A Different Kind of Temporary Senator?

With all the speculation that Senator John Kerry will be named Secretary of State local politicos are consumed with who will run and who Governor Deval Patrick will name as the interim senator. In that vein Conor Yunits has a very good op-ed Look outside ranks of pols, rich in the Boston Herald today. Conor calls for some outside-the box-thinking; the governor should consider appointing someone from a group that almost never gets senate representation. He suggests a young person; or a veteran; or an African-American (none currently in the senate); another woman; a political outsider; or someone from the 99%.

Conor writes:

If and when a special election is held — likely in May or June 2013 — voters will probably elect a former senator (Scott Brown), a familiar name (Kennedy), a current congressman (Michael Capuano, Stephen Lynch, Ed Markey), a constitutional officer (Martha Coakley), or a wealthy newcomer. In the meantime, Patrick should jump at the chance to add a new voice to the debate in the Senate chamber.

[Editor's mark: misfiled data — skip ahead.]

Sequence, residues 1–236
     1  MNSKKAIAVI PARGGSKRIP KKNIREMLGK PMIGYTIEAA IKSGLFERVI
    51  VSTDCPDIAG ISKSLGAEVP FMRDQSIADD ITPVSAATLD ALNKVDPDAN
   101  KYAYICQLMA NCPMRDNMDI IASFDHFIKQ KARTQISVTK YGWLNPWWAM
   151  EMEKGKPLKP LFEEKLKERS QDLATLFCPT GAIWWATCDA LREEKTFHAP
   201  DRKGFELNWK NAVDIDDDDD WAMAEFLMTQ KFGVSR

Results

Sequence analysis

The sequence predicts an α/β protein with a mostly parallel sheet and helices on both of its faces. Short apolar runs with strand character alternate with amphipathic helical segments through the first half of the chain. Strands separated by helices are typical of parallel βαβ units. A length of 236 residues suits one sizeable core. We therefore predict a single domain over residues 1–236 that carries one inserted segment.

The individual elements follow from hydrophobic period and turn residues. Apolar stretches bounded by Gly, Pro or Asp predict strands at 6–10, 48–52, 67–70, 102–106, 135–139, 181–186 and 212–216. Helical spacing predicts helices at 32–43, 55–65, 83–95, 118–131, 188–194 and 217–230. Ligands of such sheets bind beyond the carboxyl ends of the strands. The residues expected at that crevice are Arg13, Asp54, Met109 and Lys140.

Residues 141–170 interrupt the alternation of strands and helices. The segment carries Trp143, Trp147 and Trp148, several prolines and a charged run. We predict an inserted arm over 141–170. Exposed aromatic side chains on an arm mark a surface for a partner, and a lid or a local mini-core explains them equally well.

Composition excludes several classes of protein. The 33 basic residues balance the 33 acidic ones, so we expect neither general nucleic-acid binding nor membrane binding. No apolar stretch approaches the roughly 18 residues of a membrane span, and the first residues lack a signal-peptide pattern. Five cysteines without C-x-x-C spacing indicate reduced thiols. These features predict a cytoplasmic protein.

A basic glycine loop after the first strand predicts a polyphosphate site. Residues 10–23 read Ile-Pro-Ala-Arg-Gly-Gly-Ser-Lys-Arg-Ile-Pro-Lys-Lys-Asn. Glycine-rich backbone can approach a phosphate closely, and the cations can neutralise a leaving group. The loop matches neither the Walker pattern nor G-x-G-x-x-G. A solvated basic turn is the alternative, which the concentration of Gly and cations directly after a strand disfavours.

Conor is on to something here. Such an appointment could elevate the career of some promising individual who might not otherwise have the chance. We might take a modest step toward greater diversity in our representation.

Extending Conor’s argument, perhaps the governor could appoint someone who is just wild about a single important issue and could be the moral voice of the Senate on the issue for a time. Like gun control. Or global warming.

Such an appointment would no doubt disappoint some among our political royalty but it would say this time isn’t about politics as usual.

About Maurice T. Cunningham

Maurice T. Cunningham is Associate Professor of Political Science at the University of Massachusetts at Boston. He teaches courses in American government including Massachusetts Politics, The American Presidency, Catholics in Political Life, The Political Thought of Abraham Lincoln, American Political Thought, and Public Policy. His book Maximization, Whatever the Cost: Race, Redistricting and the Department of Justice examines the role of the DOJ in requiring states to maximize minority voting districts in the Nineties. He has published articles dealing with the role of the Catholic Church in Massachusetts politics and on party politics in the state. His research interests focus upon the changing political culture of Massachusetts.
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